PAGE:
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    I (in theory) disagree about slowing it down. Normally* with chatter you either want to decrease sfm OR increase chip load.

    *4" LOC may be the problem in itself however.

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    For a lark, try conventional milling instead of climbing.

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    Couple thoughts....obviously i dont know the part or what you have available to use. Since it is a bore....I agree with the boring head idea. Or can you grab or fixture it in a lathe? Can you ry to "helix bore " it. I have had success helix boring with an endmill to reduce chatter. It gets some of the pressure pushing axially and can help....obviously it is slower than a regular old G2 or G3

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    Quote Originally Posted by Mr.Chipeater View Post
    Machining it on a 40 tapper HAAS UMC750 so not the most rigid but seems to be adequate for aluminum jobs. Part is held nicely in 5th axis vise so I doubt that is contributing much.

    I'd love for a nice variable helix carbide tool but as Orange Vise pointed out, I'd still have to get such a large diameter tool it would be cost prohibitive.

    The chamfer idea is a neat trick I'll have to try sometime. The bore I'm machining is open on the other end so I'm machining as high up on the tool as I can so without the tip touching, I'm not sure chamfering the end will change anything. I suppose I could grind a spot in the middle of one flute as a way to break up some harmonics.

    A boring head would also be great.... if I had one the right size.
    But you can still "bore" it with long endmill. Go to pedestal grinder and grind away about 0.2-0.5 mm of the mill edge, except the last 5mm (or even less) at the end. Now it has much smaller load and you can go helix. Almost like boring head.

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    I'm in the relieve the flutes and helical interpolate it crowd. If you can't, I second trying conventional. You could also try running it slow. Like 50SFM and .0015IPT.

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    When I bought my first Bridgeport at 15 years old the very first tool I bought was an Enco boring head that would do your 2" bore down in the part no problem.

    You have a Haas machine that is one of their fancier turds and you don't have a boring head for a 2" bore?

    I was kinda in your shoes once with a tall outside profile that chattered. I was at Western Tool discussing my problem and they pulled out a big box of custom ground carbide tools that were wrong or returned for some reason. I found a 6" long 3/4" 2 flute carbide endmill in there that was relieved for all but the final 1/2" of flutes.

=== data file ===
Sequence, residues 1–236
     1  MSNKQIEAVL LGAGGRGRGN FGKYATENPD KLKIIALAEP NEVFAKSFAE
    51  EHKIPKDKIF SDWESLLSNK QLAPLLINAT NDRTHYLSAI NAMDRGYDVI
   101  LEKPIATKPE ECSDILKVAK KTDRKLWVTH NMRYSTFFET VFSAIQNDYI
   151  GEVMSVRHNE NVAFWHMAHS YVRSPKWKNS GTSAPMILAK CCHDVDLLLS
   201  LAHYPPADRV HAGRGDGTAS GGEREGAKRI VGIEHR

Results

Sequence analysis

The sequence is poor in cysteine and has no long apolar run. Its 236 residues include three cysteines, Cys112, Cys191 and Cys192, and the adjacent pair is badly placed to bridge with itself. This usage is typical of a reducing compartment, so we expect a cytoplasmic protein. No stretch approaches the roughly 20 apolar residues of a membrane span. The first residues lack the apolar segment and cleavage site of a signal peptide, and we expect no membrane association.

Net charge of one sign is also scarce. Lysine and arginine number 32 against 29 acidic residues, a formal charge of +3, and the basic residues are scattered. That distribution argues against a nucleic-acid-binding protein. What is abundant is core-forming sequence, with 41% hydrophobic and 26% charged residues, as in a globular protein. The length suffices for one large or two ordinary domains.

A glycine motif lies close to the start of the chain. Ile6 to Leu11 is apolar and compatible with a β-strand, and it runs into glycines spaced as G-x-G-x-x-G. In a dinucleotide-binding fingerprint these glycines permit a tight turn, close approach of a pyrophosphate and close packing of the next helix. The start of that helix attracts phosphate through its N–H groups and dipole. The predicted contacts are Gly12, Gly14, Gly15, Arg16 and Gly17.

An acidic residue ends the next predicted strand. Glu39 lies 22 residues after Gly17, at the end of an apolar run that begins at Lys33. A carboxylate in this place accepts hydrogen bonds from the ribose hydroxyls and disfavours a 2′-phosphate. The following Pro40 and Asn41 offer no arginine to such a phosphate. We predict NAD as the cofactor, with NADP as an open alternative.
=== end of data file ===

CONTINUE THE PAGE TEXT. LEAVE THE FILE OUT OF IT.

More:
I bought that endmill for $15 and it ran production for about 10 years in one of my VMC's. At one point, the toolchanger dropped that tool and broke one of the flutes off. It still ran forever that way with no change.

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    Quote Originally Posted by Mr.Chipeater View Post
    Hey everyone,

    I've got a 1" dia x 6" length 4 flute HSS end mill that I am using to finish a 2" long bore that is 5" deep in an aluminum part and I cannot for the life of me get it to stop producing a rifle barrel finish from all the chatter.

    I've tried every combination from 130-315 sfm, 0.002-0.005 ipt, and 0.005-0.030 step over.

    The "best" results which are still completely unacceptable seem to be with high sfm, low chip load, and light step over which seems to go against the general consensus of wanting to load up the cutter.


    Any thoughts on other cutting conditions to try running?
    Radial chip thinning at .005 radial and .005 feed puts your actual chip thickness at .0007. that's VERY small. Kick your feed up significantly. .015 per tooth minimum at .005-.010 stock.

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    Quote Originally Posted by Milland View Post
    OP mentions a "rifle barrel" finish, making it pretty clear it's the bore he cares about. And I agree with those that say boring head
    Then a no-brainer, boring head, or if you can clamp work on lathe, turning. Ecocut is also nice, made by Ceratizit. Plunge and turn/bore with one tool

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    An end mill is sharp on the od so any little run out will make the hole a tiny bit oversized and leave a spiral going in. The best fix is to finish the hole with a reamer. A reamer has an OD circle-land that holds the tool center and cutting on the end only.

    Carbide end mill most likely to do the very same thing.

    Yes, to ream finish the hole the original bore would be a 1/64th or so smaller than the reamer.

    Oh, do assure that the end has an end cutting grind..that is one having a flute going to center with enough end gullet (space) so the chips can flow without bunching up. Still, the end mill likely will leave a rifle barrel finish

    and end cutting tools/cutters need more end clearance 10 to 14* is good.

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    Since you are using a haas have you tried using a G13 pocket milling cycle? In aluminum I have good luck using these pocket milling cycle.

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    Try doing multiple passes in 1" stepdowns or helix down in 1" increments. If your taking the 5" length in one pass your 5x diameter on depth. In my experience anything after 2x diameter deep is just asking for it to sing you a song. Use the shortest reach tool holder you have and preferably use a collet chuck and choke the end mill up as short as you can in the holder. I'm with the others on the boring head route though.

    Sent from my moto g power using Tapatalk